New Strategy for Separation of Complex Water-in-Crude Oil Emulsions: From Bench to Large Scale Separation, Petromaks 2 (2016-2019)
Water‐in‐crude oil emulsions (w/o) are ubiquitous in the petroleum production industry and they need to be processed to obtain anhydrous oil and pure water. As environmental regulations become more rigorous (OSPAR), it is of outmost importance to improve oil-water separation technology in order to successfully process increasingly complex production fluids. That is why this new project aims to improve the knowledge of water-oil separation processes and to develop new separation strategies by focusing on two aspects:
-Better understand the systems problematic in oil-water separation namely the formation of complex multi-component interfaces around droplets and the dense-packed layers with high water content (DPL). The complex interfacial layers will be characterized by state-of-the-art techniques like ellipsometry, Quartz Crystal Microbalance (QCM), interfacial rheology in shear and dilation, NMR, Film drainage experiments, Isothermal Titration Technology (ITC), FT-ICR-MS and neutron reflectometry. In addition to this experimental work, dissipative particle dynamics (DPD) modelling will be carried out to better understand structure of these systems.
-Combines electrocoalescence and chemicals to improve oil-water separation by performing experiments at various scales followed up by modelling. The new destabilizing agent classes will be developed in collaboration with chemical vendors (AkzoNobel and NalcoChampion). These demulsifiers will be combined with electrocoalescers and tested in large scales at Wärtsilä Oil and Gas facilities.
The project will have Ugelstad Laboratory as host institution with Prof. Johan Sjöblom as project manager and will be conducted in collaboration with University of Alberta, Canada (Prof. Zhenghe Xu), Swiss Federal Institute of Technology (ETH) in Zurich, Switzerland (Prof. Jan Vermant), and IFE (Prof. Roar Skartlien and Kenneth Knudsen) with a strong implication from industrial sponsors especially Wärtsilä Oil and Gas (Drs. Morad Amarzguioui and Erik Bjørklund). The project is funded by the Norwegian Research Council via a Petromask II grant and by the following industrial sponsors: AkzoNobel, NalcoCampion and Wärtsilä Oil and Gas. This project will educate 3 PhD candidates and 1 post-doctor as well as well as several master students.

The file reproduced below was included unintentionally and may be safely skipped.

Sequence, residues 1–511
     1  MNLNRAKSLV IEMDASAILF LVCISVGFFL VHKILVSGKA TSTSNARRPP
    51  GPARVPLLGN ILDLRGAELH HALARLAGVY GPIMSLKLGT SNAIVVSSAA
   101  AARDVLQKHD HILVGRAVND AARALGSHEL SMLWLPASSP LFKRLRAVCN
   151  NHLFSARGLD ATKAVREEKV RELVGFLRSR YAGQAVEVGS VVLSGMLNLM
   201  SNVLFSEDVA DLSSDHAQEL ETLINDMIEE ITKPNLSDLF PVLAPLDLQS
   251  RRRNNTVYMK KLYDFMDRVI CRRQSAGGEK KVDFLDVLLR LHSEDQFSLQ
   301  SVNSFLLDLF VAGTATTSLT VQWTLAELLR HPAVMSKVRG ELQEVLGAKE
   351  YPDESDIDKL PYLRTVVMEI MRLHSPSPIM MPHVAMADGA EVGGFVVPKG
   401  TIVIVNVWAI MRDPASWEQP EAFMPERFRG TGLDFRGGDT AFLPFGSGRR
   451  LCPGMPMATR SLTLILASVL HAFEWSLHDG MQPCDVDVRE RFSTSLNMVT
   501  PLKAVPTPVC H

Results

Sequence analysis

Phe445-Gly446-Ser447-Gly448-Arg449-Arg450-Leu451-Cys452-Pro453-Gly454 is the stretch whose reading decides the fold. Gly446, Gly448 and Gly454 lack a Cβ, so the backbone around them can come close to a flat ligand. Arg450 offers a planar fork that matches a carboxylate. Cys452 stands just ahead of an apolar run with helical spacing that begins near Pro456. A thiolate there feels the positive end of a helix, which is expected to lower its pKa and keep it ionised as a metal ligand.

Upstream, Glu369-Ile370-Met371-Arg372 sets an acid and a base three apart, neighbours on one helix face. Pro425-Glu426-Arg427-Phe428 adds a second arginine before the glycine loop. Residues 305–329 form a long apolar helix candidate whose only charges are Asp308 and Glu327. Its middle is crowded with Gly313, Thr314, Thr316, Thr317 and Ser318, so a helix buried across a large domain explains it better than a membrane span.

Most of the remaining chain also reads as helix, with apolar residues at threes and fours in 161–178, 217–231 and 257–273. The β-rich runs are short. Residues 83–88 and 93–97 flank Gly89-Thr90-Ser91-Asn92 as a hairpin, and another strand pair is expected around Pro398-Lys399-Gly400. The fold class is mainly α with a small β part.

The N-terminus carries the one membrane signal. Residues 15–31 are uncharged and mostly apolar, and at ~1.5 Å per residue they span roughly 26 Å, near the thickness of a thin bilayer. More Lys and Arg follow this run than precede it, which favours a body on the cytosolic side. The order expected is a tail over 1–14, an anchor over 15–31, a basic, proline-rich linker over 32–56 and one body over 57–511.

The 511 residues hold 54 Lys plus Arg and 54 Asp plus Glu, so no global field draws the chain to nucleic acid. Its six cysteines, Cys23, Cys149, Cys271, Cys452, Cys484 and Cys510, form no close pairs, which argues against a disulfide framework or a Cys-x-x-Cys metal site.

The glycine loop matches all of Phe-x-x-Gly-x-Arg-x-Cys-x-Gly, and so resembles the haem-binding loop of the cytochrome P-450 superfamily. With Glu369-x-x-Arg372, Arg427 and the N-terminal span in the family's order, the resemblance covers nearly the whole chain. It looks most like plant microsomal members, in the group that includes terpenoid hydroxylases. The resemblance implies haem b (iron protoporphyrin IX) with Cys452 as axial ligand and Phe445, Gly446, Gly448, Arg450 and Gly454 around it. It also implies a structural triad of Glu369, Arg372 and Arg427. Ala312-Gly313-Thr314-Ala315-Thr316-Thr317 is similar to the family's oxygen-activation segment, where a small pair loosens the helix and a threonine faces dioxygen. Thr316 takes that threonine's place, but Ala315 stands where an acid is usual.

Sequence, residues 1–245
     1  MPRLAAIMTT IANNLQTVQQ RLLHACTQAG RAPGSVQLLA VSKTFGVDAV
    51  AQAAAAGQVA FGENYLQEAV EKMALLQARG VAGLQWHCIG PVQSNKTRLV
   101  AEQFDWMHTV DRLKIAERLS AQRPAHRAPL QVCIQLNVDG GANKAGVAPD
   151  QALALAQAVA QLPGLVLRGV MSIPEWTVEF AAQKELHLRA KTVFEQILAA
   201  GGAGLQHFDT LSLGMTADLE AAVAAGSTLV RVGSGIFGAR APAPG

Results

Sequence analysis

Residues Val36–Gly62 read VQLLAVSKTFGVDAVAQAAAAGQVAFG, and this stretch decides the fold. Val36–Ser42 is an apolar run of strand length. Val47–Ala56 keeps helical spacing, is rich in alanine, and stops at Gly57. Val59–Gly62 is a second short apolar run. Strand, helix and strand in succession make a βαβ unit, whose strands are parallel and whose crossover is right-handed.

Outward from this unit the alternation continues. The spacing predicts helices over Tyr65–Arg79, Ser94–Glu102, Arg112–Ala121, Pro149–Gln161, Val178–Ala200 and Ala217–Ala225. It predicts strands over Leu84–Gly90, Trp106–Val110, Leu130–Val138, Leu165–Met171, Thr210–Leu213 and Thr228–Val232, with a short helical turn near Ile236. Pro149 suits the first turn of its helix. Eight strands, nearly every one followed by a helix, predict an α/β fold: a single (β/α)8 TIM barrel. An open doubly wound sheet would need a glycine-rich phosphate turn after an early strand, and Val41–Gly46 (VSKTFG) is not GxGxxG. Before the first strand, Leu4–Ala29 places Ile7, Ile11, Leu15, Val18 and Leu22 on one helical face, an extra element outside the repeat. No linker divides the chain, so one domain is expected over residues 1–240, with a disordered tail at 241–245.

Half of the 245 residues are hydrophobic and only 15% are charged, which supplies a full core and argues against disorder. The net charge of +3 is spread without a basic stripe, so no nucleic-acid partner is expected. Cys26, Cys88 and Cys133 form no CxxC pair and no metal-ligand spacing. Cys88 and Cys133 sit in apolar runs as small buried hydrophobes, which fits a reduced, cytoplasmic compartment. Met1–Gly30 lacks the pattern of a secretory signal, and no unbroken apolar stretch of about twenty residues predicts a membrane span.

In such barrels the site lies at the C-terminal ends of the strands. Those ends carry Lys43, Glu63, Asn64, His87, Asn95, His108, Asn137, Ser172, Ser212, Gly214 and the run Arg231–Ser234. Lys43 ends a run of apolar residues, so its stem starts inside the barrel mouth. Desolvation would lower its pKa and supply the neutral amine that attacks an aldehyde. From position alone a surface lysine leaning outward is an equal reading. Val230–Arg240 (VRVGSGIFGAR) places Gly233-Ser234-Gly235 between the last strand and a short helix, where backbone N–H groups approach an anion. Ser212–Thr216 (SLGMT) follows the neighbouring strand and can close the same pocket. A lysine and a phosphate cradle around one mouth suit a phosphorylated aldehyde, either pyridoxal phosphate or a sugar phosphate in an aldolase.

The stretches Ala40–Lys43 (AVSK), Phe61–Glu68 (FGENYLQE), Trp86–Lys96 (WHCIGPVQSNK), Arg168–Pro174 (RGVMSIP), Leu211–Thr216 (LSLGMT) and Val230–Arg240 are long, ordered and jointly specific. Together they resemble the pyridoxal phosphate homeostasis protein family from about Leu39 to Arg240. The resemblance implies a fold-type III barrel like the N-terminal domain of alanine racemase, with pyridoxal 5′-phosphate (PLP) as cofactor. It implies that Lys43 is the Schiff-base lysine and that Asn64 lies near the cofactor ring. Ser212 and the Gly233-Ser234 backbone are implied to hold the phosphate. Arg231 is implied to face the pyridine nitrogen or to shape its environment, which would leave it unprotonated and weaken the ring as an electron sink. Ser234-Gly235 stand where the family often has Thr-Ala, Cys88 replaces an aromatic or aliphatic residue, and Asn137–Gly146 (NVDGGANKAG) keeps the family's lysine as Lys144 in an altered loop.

Influence of production and EOR chemicals on produced water quality -fundamental knowledge of the fluids for improved produced water management, Petromaks 2 (2016-2020)
The overall goal of the project is to investigate how production and enhanced oil recovery (EOR) chemicals influence produced water quality and treatment. Production chemicals giving rise to poor produced water quality is already an issue within the petroleum industry, while the effects of EOR chemicals on the water quality will increasingly become a challenge as chemical flooding methods are likely to emerge in the years to come. There is, however, a lack of systematic investigations focusing on how the use of the various chemicals affects the produced water quality. Fundamental studies of synergies between indigenous and added components in produced water, the resulting interfacial phenomena and ultimately the implications for produced water treatment are areas of research which will be addressed in this project. The studies will range from small-scale interfacial studies to pilot-scale testing of produced water treatment units, aiming at revealing underlying mechanisms affecting produced water quality and produced water treatment efficiency.
2 PhD candidates 1 post.doc and several master students will be educated within the project. The industrial partners are Statoil, Total and Schlumberger. In addition, the Research Council of Norway will finance the project.
Project manager: Professor Gisle Øye
Integrated Crude Oil Transport under Arctic conditions, NORRUSS (2016-2019)